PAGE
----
OPEC+ resolve deadlock, agree on deal to boost oil output from August
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OPEC+ resolves deadlock, agrees on deal to boost oil output from August

OPEC+ resolves deadlock, agrees on deal to boost oil output from August

The agreement means the cartel will boost output by 400,000 barrels a day each month from August

OPEC and its allies agreed to gradually add more oil supplies to the market.

“Consensus building is an art,” Saudi Energy Minister Prince Abdulaziz bin Salman told reporters after the meeting. The deal is evidence of the strong bonds between members and shows “OPEC+ is here to stay.”

The agreement means the cartel will boost output by 400,000 barrels a day each month from August, continuing until all of its halted output has been revived. The deal will also give the UAE and several other countries higher baselines against which their production cuts are measured, starting in May 2022, according to a statement from the group.

The UAE’s level was increased to 3.5 million barrels day, below the 3.8 million it initially demanded but above the previous baseline of 3.2 million.

Supply Squeeze

The truce will ease a looming supply squeeze and reduce the risk of an inflationary oil price spike.

The multifaceted agreement means several things for the oil market. It gives consumers a clearer view of how quickly OPEC+ will restore the 5.8 million barrels a day of production it’s still withholding, since making deep cuts last year in the initial stages of the pandemic.

The baseline adjustments won’t alter the pace of the 400,000 barrel-a-day monthly output increases when they take effect next year, Prince Abdulaziz said. The group will continue to meet every month, including a review of the market in December, and could adjust the schedule if required, he said.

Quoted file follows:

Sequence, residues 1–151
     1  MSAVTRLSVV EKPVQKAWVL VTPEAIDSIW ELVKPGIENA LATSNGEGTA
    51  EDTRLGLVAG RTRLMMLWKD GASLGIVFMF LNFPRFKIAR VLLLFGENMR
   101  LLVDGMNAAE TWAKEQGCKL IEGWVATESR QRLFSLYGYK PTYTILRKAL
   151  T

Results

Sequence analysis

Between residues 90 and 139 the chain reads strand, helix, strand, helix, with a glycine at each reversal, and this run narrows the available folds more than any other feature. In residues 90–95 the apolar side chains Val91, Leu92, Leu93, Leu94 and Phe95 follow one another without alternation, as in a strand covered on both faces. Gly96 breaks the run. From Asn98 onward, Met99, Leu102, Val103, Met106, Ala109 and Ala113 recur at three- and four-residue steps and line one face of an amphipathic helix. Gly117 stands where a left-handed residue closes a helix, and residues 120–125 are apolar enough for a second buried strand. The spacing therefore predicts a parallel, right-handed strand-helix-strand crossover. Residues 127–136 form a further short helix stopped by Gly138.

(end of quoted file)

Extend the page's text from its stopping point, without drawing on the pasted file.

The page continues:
“The monthly meetings and the December review tell you that that is all amendable,” said Bill Farren-Price, a director at research firm Enverus. “So oil bulls should read this as positive — OPEC+ supply management continues.”

The accord also resolves longstanding grievances that caused tensions within OPEC+ since late 2020. The UAE blocked an agreement earlier this month, arguing that the way its quota was calculated was unfair because it didn’t reflect a costly expansion in the country’s industry.

With a successful deal in the bag, the UAE and Saudi Arabia emphasised the strength and friendliness of their relationship.

“The UAE is committed to this group and will always work with it,” UAE Energy Minister Suhail Al-Mazrouei told reporters after the meeting. He thanked Saudi Arabia and Russia for keeping OPEC+ together and fostering a constructive dialog that enabled a deal.

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